Egypt: Educating Syrian children
Egypt now hosts close to 300,000 Syrian refugees, according to the Egyptian Government.
Yet the country has no formal refugee camps, unlike Jordan, Turkey or Iraq, so many of the arrivals are using their fast-depleting savings to rent accommodation on the outskirts of cities such as Cairo, Damietta and Alexandria.
I’ve been in bustling Cairo for two weeks now, learning more about our refugee response work and working with our teams here on how we can best advocate for children.
Deprived of an education
Across the region, public school systems are stretched and many refugee children are out of school – deprived of an education on top of all the privations they have already suffered. Here in Egypt, over 40% of Syrian children are not enrolled in school; for those that are, classes can reach 120 students, struggling to glean an education via exhausted and under-trained teachers.
For those whose savings are running out, the cost of transport and school books make school prohibitively expensive; more and more children are also working to support their families.
At one of our Child Friendly Spaces (a converted building where children can come and play and draw in the afternoons), the Syrian volunteers told me with great distress about three boys, twins aged six and their nine-year-old brother, who no longer come to school or the Child Friendly Space as they spend their days pushing car tyres to the local factory.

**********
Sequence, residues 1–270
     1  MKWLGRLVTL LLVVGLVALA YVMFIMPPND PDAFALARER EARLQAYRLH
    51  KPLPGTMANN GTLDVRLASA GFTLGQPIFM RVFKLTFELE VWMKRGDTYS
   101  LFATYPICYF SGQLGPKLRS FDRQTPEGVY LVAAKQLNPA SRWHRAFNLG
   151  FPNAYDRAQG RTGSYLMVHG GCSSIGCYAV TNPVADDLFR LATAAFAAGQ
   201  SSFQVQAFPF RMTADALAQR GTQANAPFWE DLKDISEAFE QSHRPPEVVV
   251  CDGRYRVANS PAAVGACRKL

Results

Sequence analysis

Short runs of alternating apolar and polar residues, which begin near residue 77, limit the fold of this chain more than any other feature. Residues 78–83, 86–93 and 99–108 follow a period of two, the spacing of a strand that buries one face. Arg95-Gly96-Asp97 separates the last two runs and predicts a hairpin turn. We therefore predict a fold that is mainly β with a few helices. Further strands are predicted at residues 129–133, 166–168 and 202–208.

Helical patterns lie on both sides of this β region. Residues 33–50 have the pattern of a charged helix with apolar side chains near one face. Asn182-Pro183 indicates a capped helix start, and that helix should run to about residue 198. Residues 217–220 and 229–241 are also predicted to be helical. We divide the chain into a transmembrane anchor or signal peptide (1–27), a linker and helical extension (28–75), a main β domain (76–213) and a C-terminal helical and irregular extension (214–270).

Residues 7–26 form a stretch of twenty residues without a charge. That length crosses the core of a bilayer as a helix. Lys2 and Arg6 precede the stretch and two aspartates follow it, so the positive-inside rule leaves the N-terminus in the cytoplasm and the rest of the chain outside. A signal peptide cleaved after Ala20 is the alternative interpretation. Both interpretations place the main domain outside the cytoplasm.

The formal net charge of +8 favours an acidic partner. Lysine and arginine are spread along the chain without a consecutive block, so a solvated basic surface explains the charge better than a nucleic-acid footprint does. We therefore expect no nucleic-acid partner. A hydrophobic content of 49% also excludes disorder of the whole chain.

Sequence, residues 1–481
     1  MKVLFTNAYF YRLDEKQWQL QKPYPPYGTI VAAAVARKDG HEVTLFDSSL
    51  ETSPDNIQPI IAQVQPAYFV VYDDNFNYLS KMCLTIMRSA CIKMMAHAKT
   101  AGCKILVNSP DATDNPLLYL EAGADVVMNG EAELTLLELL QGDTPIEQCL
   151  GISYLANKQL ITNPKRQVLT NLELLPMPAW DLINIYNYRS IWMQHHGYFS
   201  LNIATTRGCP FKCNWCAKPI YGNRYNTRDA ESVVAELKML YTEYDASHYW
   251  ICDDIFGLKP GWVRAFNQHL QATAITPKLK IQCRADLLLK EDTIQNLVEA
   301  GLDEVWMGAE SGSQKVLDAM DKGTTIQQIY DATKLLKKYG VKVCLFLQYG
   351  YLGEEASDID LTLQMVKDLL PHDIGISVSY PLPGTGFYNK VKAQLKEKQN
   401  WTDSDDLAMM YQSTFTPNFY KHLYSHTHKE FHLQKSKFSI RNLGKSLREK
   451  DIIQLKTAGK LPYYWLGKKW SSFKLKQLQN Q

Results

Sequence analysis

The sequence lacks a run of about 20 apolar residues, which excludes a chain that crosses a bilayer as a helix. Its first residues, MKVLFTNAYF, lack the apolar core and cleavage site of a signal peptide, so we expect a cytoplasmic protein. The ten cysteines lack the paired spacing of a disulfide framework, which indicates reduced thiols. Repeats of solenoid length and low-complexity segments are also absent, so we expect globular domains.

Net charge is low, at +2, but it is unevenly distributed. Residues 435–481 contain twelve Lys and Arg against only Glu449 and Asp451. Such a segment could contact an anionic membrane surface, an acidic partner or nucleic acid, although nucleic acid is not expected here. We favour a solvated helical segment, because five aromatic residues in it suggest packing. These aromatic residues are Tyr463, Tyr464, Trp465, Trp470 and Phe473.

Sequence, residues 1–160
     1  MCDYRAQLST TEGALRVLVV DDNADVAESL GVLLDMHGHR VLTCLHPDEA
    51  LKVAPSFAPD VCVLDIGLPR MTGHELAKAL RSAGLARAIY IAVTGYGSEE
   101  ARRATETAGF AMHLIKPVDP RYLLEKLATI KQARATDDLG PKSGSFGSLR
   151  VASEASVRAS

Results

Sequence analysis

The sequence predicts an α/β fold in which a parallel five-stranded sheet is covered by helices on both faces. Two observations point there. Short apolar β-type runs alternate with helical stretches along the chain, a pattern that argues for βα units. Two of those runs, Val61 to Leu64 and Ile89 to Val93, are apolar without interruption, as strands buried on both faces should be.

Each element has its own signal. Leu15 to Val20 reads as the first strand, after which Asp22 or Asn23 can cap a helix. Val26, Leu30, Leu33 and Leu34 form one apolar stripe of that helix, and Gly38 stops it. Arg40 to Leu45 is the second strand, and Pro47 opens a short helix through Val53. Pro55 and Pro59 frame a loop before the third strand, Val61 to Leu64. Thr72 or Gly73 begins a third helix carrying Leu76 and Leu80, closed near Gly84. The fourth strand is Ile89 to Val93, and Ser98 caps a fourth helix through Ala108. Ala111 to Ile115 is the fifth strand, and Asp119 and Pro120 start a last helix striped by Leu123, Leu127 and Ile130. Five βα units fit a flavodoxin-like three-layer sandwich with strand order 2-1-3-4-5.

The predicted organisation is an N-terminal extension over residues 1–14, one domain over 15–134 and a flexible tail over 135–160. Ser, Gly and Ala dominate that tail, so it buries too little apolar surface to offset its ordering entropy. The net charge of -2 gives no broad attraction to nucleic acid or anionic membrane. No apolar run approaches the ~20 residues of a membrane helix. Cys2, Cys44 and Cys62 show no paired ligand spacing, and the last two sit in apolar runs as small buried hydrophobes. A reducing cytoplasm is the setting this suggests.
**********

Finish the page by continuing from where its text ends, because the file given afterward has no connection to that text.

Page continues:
Improving Egypt’s schooling system
Save the Children is working with the Ministry of Education to improve the capability of the Egyptian public school system for both refugee and local children. We are also supporting regular classes and one-to-one catch-up tuition in community centres, to make sure refugee children don’t miss any more of those vital years of school. We train Syrian teachers in the Egyptian curriculum so children are eligible to take national exams.
In the kindergarten
The three- and four-year-olds I met in the kindergarten had all sorts of ambitions: they wanted to grow up to be be dentists, chefs or florists – one even has aspirations to become a dragon! But the heavy psychological impact of the conflict was also apparent. One little girl was very withdrawn. “She used to cry every time a man came into a room,” her teacher told me. “It reminded her of when armed men came into her school in Syria and started firing at the students.” Several of the older boys expressed the desire to go back to Syria and fight, as soon as they are big enough.
We are doing all we can – counselling, education, play and activities – to let these children just be children again. But I couldn’t help but think of all the children we are not reaching and the need to do more, to give more and to create more sustainable solutions through our advocacy.
*names changed to protect identity